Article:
Faux Real Fireplace Makeover
Back in February, I solicited advice from you all about what to do with a recent thrift store find. Remember these?
Well, I took the advice of the majority of you and painted them black and then never got around to showing you the results. Here they are hanging above the fireplace with a couple inexpensive white taper candles from Michael’s:
Much better! I also mentioned in that old post that we wanted to paint our faux brick. At the time I thought that meant a slate-like color, but then I found a genius blog post about how to paint over already painted brick to make it look like real brick. Did you follow all that?
Here’s what we were starting with:
I mean really… can you get any more faux looking than that? When we first moved in, even the logs in the fireplace were faux logs. I think one of the very first things I did in the house was to remove the awful faux log pile.
This project was pretty easy (and cheap!), especially considering the fantastic results. Most of the necessary materials I already had on hand:
- newspaper (and/or dropcloth)
- painter’s tape
- standard paintbrush
- paint tray
- large sponge
- paper plates
- latex paints
- acrylic paints
Now, I cut out some steps and supplies from the tutorial I linked to above, but then I wasn’t painting over already painted brick and I was doing a much smaller area.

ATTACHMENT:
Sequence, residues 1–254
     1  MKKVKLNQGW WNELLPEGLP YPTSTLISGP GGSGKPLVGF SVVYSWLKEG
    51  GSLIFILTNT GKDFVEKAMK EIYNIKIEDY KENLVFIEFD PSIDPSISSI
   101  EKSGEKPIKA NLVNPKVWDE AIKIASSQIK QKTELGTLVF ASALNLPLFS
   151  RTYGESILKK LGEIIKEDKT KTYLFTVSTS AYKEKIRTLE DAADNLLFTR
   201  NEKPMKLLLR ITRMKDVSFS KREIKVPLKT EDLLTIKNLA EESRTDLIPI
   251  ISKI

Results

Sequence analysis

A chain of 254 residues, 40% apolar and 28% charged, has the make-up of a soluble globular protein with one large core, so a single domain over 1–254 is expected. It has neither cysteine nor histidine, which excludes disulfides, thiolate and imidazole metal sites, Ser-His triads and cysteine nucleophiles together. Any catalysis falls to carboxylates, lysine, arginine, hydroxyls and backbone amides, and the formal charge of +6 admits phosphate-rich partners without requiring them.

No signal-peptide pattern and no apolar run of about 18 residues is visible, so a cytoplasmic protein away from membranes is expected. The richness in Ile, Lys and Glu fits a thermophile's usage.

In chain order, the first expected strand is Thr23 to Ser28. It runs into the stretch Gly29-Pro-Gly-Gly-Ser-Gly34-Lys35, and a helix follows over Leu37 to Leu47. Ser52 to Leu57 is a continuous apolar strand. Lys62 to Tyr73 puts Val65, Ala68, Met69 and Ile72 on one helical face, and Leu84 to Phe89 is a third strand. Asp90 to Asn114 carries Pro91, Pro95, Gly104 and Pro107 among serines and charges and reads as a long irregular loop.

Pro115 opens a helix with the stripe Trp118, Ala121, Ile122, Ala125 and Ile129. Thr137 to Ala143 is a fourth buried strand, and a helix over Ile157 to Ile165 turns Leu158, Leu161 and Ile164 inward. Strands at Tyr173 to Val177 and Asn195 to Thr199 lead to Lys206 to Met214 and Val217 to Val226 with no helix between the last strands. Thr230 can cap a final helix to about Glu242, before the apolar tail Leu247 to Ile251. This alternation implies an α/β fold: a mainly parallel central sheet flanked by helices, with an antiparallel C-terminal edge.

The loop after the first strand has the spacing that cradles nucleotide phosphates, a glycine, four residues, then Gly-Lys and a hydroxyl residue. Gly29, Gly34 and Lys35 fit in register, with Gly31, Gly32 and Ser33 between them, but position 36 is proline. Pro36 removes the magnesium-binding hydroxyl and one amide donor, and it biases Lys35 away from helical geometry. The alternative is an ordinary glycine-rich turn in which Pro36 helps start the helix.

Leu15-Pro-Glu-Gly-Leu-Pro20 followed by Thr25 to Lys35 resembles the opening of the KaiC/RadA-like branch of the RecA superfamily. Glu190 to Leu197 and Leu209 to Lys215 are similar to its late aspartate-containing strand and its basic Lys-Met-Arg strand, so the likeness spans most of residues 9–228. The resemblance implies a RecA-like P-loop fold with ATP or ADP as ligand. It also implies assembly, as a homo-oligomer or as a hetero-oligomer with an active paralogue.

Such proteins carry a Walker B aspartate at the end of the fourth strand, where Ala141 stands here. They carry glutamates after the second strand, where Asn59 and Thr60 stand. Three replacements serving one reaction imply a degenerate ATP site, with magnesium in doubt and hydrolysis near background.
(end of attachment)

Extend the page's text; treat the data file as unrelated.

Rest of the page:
Since the mortar color was normal, I opted to skip the first step of painting the mortar and moved straight to applying my base paint to the bricks themselves. I used leftover tan wall paint (Behr’s Gobi Desert) applied with a paintbrush. The plan was to roller all the bricks, but my leftover paint was a little dried out and gloopy so the roller just wasn’t cutting it.
Next, I laid out six paper plates for my brick colors and poured out a half-dollar size amount, one color per plate. I used a $3 sample size of Behr’s Thick Chocolate as my base tint and Americana acrylic paints (found in the craft paint aisle at Michael’s) in Terra Cotta, Burnt Siena, Antique Gold, Milk Chocolate, and Burnt Umber.
To paint the individual bricks, each time I started with my base of thick chocolate and added one or two other color tints to my sponge. I tried to do 2-3 bricks at a time, randomly spaced, with that unique color combination before reloading the sponge with more paint and different tints.
I tried to get a good variety of dark brown, red, and light brown/gold tints spaced around the fireplace to help it look more authentic.
We had a few people from church over a couple days after I finished and they were surprised to learn it was painted. It was the first time any of them had been to our house so they hadn’t seen the previous incarnation. Success!
Here’s a couple side-by-side before and afters (including the wall sconces), just for fun: